Northwestern University Feinberg School of Medicine

Giving

Gallery Dedicated at Feinberg in Honor of George M. Eisenberg Foundation for Charities

Cutting the ribbon (from left to right): Sofia Bishop, current president of the George M. Eisenberg Foundation for Charities board; Dr. Eric Neilson; and Dean Marousis.

On May 4, members of the George M. Eisenberg Foundation for Charities gathered with Northwestern University Feinberg School of Medicine leadership to celebrate the naming of the George M. Eisenberg Gallery. The gallery is the corridor on the Chicago campus that leads from Method Atrium in the Morton Medical Research Building to the Montgomery Ward Memorial Building. It was dedicated in honor of the Foundation’s nearly 30-year partnership with the medical school and its generosity, now nearing $4 million in philanthropic support.

Eric G. Neilson, MD, vice president for Medical Affairs and Lewis Landsberg Dean of Feinberg, addressed Foundation board members at the event: “This gallery is a fitting representation of the connections formed by your support. These connections will help to fuel discoveries and lead to breakthroughs.”

“The George M. Eisenberg Foundation’s partnership early on and throughout We Will. The Campaign for Northwestern Medicine has played an essential role in our success,” said Dr. Neilson, referencing that Northwestern Medicine recently surpassed its $1.75 billion campaign goal.

Dean Marousis (left) and Dr. Eric Neilson

In 2013, the Foundation made a $1.5 million commitment to support groundbreaking research at Feinberg. Through the George M. Eisenberg Foundation Innovation Research Fund, competitive funding is awarded to teams of investigators that are exploring provocative and novel research directions in the field of translational medicine. Translational research is often referred to as “bench to bedside” research.

“George Eisenberg was a visionary in his time, recognizing even then that research is the way forward,” said Dean J. Marousis, director of the George M. Eisenberg Foundation for Charities. “Northwestern is a fine academic institution and a leader in medicine, and we are proud to partner with you to save lives through this important work.”

In addition, the prestigious George M. Eisenberg Foundation Scholars are leading projects that further scientific discoveries that will save lives and improve health. Eisenberg Scholar Lisa Wilsbacher, MD, PhD, assistant professor of Pharmacology and Medicine in the Division of Cardiology, joined in the celebration to thank members of the Foundation. Her studies focus on G protein-coupled receptors (a group of proteins that reside on the surface of cardiac cells), which receive signals from blood and surrounding tissue, then transmitting those signals into the cell to activate a range of biological functions. Dr. Wilsbacher’s team hopes to define novel signaling pathways in these protein groups in order to preserve the function of cardiomyocytes (the cells in the heart that beat and provide pumping function) during heart development and during pathological stress.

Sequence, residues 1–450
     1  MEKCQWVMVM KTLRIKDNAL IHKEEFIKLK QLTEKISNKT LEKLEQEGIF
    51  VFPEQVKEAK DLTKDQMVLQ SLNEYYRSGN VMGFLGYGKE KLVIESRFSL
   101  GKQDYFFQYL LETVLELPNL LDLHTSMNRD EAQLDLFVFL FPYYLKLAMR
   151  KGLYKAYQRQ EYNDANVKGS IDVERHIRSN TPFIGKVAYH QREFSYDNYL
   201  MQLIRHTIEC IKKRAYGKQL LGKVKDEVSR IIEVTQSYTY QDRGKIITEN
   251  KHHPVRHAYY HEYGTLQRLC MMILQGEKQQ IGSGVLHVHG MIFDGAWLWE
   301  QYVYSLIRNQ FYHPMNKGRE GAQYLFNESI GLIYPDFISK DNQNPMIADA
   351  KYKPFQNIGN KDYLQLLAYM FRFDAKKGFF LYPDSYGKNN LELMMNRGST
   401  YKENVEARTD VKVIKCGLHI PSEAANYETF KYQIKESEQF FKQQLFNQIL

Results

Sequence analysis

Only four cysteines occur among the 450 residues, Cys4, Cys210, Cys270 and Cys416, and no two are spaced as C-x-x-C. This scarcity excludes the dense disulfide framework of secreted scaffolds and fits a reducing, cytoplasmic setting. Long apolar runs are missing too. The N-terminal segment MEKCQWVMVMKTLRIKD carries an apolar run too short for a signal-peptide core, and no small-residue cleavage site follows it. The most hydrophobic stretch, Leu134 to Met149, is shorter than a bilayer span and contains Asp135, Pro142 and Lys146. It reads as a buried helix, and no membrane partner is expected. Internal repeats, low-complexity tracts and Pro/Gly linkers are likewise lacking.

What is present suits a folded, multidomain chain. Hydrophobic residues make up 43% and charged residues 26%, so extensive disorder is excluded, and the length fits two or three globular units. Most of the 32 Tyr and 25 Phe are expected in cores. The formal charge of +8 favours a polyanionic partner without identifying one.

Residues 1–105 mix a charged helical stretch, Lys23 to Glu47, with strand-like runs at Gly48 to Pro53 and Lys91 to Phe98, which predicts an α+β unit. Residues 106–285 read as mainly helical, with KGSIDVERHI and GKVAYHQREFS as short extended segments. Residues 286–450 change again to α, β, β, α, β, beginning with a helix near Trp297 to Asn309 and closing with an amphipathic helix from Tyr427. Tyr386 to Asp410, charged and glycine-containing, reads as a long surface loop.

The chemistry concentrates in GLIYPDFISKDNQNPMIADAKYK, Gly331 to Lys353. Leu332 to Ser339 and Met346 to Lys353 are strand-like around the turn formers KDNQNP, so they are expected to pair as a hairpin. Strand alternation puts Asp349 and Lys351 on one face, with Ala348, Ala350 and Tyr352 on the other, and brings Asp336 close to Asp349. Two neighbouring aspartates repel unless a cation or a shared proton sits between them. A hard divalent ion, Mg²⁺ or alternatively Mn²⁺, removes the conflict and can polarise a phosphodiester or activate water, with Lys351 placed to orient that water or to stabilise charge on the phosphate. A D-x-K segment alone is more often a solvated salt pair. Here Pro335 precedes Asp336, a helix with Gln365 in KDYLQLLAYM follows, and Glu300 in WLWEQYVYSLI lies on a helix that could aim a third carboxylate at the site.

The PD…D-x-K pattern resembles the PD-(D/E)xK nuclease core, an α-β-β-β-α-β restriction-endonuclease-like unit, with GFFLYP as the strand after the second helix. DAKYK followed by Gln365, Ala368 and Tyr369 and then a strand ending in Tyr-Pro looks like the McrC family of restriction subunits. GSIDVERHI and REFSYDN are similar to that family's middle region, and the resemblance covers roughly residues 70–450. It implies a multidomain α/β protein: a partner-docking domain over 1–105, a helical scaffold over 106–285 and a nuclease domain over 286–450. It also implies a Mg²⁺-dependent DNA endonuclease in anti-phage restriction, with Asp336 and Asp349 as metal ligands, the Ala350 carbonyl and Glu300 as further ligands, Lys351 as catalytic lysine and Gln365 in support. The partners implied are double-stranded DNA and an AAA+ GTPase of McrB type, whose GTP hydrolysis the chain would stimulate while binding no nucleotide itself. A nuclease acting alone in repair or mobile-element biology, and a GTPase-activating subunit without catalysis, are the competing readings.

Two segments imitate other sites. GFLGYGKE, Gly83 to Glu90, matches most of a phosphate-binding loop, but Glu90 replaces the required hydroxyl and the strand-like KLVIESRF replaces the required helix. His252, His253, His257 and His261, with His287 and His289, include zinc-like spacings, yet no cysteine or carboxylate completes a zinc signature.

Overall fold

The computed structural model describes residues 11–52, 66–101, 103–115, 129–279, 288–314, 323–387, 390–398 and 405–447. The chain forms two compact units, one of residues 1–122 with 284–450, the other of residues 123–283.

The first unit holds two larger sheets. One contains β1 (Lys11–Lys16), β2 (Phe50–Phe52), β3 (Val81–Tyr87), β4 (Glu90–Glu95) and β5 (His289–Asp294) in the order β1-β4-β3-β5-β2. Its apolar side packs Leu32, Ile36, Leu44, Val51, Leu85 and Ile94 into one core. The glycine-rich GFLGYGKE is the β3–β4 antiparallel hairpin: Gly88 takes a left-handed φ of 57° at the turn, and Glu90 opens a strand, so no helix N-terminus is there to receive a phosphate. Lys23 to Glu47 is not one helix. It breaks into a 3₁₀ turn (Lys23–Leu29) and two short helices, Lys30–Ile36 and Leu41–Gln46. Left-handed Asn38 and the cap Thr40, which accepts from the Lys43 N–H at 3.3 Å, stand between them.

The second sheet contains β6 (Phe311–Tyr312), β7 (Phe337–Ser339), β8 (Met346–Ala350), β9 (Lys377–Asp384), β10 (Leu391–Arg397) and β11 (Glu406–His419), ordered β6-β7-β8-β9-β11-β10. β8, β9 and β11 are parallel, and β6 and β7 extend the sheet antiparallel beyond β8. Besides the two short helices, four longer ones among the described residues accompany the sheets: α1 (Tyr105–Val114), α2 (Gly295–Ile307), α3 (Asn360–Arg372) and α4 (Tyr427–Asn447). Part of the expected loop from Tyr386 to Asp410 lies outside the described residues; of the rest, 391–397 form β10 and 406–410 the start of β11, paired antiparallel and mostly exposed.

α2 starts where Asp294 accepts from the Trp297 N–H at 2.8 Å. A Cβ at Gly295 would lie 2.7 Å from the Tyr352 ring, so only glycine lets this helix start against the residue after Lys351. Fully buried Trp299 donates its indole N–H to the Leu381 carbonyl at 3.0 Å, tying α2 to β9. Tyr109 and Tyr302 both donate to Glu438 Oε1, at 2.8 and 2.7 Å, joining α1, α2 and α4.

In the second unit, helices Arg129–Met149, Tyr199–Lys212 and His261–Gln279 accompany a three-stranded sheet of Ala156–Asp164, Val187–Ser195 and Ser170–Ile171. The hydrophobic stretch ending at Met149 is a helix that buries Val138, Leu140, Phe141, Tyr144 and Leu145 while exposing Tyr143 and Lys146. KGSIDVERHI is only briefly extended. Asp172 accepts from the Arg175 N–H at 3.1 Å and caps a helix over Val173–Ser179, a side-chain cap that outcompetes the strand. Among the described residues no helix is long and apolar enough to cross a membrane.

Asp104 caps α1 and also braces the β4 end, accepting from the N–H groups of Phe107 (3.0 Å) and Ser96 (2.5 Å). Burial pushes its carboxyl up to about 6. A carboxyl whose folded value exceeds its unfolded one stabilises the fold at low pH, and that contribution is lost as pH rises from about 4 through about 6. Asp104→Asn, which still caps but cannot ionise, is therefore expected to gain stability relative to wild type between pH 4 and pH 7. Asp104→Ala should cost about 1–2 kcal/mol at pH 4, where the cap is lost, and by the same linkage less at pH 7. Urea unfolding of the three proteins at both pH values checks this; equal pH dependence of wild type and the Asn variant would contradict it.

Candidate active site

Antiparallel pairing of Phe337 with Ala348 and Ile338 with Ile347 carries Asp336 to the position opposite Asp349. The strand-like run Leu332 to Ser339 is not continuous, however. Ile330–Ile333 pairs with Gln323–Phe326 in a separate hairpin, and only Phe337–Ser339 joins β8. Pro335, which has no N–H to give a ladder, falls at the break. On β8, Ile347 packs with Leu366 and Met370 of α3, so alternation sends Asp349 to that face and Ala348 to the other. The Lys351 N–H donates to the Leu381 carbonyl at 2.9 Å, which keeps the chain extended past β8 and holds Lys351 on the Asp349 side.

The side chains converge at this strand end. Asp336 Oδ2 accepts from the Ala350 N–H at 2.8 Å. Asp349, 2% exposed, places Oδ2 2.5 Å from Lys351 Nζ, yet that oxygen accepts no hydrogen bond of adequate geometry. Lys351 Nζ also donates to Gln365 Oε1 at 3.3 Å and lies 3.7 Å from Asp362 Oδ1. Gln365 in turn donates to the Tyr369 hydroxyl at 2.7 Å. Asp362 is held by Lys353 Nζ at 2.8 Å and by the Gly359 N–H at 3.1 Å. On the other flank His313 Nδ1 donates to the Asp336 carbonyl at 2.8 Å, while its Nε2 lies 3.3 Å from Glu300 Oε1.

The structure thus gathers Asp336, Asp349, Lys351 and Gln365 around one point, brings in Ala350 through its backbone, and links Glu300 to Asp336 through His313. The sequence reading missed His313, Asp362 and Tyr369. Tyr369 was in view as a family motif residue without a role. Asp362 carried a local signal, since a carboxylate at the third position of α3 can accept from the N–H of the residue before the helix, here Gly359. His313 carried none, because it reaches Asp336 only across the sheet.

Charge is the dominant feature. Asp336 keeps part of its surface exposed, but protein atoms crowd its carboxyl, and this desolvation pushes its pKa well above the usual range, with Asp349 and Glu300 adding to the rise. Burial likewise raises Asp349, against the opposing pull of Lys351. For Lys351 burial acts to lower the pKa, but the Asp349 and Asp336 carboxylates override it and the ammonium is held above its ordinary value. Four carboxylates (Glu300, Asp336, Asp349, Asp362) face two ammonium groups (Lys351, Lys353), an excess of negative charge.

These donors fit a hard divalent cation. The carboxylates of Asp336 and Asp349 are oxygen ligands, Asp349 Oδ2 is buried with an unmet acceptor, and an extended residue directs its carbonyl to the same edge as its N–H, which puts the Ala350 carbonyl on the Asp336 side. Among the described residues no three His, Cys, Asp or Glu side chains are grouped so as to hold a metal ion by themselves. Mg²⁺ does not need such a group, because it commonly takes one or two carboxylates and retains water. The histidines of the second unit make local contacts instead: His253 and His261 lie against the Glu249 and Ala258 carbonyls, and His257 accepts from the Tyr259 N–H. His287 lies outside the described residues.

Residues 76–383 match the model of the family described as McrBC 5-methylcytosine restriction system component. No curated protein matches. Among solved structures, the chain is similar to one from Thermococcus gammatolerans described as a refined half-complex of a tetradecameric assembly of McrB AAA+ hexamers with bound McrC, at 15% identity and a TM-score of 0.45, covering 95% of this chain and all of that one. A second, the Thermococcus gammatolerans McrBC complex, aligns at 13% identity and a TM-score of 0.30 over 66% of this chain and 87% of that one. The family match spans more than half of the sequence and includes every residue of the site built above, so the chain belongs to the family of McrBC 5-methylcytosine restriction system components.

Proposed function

Over a Century of Philanthropic History in Chicago

The George M. Eisenberg Foundation for Charities was established in 1989 to carry on the philanthropic legacy of George Morris Eisenberg, who was born in the Maxwell Street neighborhood of Chicago in 1899. George was the child of Russian immigrants and one of seven children. His father passed away when he was only three. As a result, George had to start working at a young age to help support the family.

After starting a corporate stationary company with his brothers in his early 20s, Mr. Eisenberg became a lithographer in the area of decalcomania—later shortened to ‘decal’—which is the process of transferring pictures or designs from specifically prepared paper to glass, ceramic, metal, or other materials. He later worked his way up and became the owner of the American Decal and Manufacturing Company, based on Chicago’s northwest side. A prominent businessperson and generous philanthropist, Mr. Eisenberg served on boards across the city and made gifts to 35 institutions each year.

During his lifetime, Mr. Eisenberg shared that he was inspired to give back to communities and fund charitable organizations because he learned later in life that his family had received assistance when his father died. Without this help, he felt that he would not have been able to rise out of the poverty into which he was born. Mr. Eisenberg dedicated his life to helping others achieve that same success, and today that vision lives on through the Foundation.

“This gallery is a fitting representation of the connections formed by your support. These connections will help to fuel discoveries and lead to breakthroughs.”

- Dr. Eric G. Neilson